New school built to fit growing Berkeley Co.

November 16, 1998

Potomack Intermediate SchoolBy DAVE McMILLION / Staff Writer, Charles Town

photo: JOE CROCETTA / staff photographer

SPRING MILLS, W.Va. - The new Potomack Intermediate School in Spring Mills already has a leg up on Berkeley County's growth.

There are three wings in the building, housing students in third, fourth and fifth grades.

If growth in the area outpaces the size of the school, additions can easily be made to any of the wings, explained Principal Rodney Woods.

Berkeley County school officials know the importance of having such a school.

While the county's student population increased by 2,600 over the last 10 years, it is expected to increase by 3,600 over the next 10 years, Woods said.


Put another way, the district sees about 300 new students a year, enough to fill a small elementary school, said Martha "Marty" Grove, who was just named principal of an intermediate school to be built in southern Berkeley County.

"The growth in West Virginia, whether we like it or not, is centered in Berkeley County," Del. John Overington, R-Berkeley, told a large crowd Sunday afternoon during a dedication ceremony at Potomack Intermediate.

The school, described as an impressive facility with good design, opened its doors to 670 students on Aug. 26. Its capacity is 750 students.

When asked how long the school would be able to hold the intermediate student population in northern Berkeley County, Woods joked "this year, next year."

Seriously, Wood said he hopes the school can go at lesat five years without expansion.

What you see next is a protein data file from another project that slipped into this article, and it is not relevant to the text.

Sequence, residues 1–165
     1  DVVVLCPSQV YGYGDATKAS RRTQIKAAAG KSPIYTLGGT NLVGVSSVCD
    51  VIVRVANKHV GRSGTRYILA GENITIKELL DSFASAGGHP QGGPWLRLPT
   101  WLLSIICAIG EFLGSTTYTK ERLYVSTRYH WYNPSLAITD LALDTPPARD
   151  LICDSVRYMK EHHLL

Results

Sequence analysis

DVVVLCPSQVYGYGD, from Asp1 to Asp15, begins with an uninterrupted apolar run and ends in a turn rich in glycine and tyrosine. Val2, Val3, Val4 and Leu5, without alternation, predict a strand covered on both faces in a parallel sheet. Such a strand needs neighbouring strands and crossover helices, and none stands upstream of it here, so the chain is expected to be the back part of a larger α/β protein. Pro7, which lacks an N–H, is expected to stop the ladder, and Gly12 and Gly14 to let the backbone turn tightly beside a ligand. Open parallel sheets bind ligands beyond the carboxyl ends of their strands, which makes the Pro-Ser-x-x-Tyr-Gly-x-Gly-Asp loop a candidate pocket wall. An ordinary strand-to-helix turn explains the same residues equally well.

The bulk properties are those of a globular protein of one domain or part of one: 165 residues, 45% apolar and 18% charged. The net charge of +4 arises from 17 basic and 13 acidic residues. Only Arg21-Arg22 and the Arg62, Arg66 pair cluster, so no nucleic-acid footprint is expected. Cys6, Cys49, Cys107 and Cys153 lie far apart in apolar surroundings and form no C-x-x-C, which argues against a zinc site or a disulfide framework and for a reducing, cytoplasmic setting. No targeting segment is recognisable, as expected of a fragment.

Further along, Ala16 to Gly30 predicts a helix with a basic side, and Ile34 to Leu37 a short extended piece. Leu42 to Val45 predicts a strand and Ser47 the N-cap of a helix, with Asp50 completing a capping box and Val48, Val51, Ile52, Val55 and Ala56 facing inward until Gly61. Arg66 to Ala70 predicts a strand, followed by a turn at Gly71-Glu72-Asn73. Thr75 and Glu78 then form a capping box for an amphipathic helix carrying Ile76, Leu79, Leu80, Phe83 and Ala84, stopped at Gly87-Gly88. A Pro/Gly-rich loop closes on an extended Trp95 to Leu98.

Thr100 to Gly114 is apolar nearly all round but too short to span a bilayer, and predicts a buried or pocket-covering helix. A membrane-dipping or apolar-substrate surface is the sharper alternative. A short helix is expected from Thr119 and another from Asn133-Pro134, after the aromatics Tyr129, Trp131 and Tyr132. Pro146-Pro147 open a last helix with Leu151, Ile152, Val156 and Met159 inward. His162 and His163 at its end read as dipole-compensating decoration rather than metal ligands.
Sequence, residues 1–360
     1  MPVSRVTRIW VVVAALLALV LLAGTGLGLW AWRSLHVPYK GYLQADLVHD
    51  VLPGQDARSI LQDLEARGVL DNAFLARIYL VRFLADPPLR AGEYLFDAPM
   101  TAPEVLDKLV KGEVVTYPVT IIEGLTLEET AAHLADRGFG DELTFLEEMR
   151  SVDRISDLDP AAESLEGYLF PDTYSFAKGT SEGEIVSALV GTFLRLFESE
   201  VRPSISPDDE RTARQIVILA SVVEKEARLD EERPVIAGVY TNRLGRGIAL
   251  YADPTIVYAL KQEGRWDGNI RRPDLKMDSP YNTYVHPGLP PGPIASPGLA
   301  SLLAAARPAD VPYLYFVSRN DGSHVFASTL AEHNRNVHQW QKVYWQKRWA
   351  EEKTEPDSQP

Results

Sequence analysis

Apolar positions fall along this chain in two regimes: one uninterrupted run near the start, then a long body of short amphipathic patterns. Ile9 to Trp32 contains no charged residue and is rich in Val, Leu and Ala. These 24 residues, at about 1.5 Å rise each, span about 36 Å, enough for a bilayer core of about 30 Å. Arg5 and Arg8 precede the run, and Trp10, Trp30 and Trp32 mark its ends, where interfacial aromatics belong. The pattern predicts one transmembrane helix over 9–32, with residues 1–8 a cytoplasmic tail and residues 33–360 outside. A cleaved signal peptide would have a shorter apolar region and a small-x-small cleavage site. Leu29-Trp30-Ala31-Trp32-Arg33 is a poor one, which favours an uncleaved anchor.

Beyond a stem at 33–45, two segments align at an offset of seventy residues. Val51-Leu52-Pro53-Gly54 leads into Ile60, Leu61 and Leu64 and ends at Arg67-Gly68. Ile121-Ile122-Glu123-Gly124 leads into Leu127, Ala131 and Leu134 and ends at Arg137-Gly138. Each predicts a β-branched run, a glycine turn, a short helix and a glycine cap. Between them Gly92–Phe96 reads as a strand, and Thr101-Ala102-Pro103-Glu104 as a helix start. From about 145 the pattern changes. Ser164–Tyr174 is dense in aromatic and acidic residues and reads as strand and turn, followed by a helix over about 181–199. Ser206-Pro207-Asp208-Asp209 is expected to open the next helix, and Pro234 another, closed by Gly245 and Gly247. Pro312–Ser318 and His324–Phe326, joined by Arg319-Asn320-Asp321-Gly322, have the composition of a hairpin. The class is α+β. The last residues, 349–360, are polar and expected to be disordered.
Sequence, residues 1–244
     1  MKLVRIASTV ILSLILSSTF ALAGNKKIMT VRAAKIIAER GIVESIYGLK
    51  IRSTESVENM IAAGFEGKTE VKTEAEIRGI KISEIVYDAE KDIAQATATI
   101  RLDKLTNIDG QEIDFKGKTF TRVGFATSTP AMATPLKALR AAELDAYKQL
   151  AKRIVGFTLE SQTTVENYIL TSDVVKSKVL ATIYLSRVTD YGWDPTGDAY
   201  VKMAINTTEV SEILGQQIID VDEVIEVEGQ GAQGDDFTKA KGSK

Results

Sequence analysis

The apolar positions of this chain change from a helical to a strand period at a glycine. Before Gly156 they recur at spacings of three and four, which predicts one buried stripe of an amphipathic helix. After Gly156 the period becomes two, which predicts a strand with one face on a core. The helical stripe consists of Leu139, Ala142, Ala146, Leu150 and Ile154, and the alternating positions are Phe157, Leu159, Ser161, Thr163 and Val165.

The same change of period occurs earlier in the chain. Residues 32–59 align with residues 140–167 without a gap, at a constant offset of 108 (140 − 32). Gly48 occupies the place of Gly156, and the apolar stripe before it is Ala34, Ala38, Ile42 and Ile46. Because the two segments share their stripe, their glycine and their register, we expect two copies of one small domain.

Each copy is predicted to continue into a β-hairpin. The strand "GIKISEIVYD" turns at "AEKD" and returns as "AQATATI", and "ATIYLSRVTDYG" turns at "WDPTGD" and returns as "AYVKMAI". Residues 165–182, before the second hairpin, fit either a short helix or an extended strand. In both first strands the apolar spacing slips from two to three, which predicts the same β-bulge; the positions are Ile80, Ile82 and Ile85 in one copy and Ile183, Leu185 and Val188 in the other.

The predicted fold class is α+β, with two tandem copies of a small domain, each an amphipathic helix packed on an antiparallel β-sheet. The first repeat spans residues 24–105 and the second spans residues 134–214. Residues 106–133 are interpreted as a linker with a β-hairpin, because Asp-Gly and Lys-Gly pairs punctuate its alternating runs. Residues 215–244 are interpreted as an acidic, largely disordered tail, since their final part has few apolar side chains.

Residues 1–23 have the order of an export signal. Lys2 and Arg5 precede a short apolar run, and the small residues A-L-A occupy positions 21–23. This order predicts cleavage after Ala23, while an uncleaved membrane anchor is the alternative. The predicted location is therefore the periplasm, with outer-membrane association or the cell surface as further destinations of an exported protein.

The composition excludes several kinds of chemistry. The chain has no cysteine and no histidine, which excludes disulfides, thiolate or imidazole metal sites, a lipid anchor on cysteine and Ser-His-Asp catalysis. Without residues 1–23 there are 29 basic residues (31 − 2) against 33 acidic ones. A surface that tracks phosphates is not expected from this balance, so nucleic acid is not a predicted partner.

"The demographic information is staggering," said Superintendent of Schools Manny Arvon, who said he was heading to Charleston, W.Va., after the dedication to request money for more schools.

Potomack and the new intermediate school in Inwood, W.Va., are designed to free up space in elementary schools for all-day kindergarten. The elementary schools in the northern part of the county - Bedington, Marlowe and Hedgesville - used to handle students up to fifth grade. Now the schools will teach kindergarten through second grade.

Potomack Intermediate, along U.S. 11 just off Interstate 81's Spring Mills exit, has several unique features in addition to its expandable design.

The walls in the music room are filled with sand to stop sound from traveling to other parts of the building, Woods said.

In the art room, there are large wooden tables to give students plenty of room to work, and there are two large sinks at the back of the room to wash paintbrushes and other equipment.

Lunch tables in the cafeteria can quickly be folded into long bench seats for public meetings, and the school is wired to handle up to 500 computers.

Woods said in the past, public schools were often built with a generic design, then it was up to the school's staff to make it fit with their programs.

Potomack received a lot of help from the E.I. du Pont de Nemours & Co., which runs a plant in Spring Mills.

DuPont provided the 11 acres for the school and gave it a $2,000 grant for a weather observation system. Students will regularly collect data from the system and submit it to a Washington, D.C., television news station.

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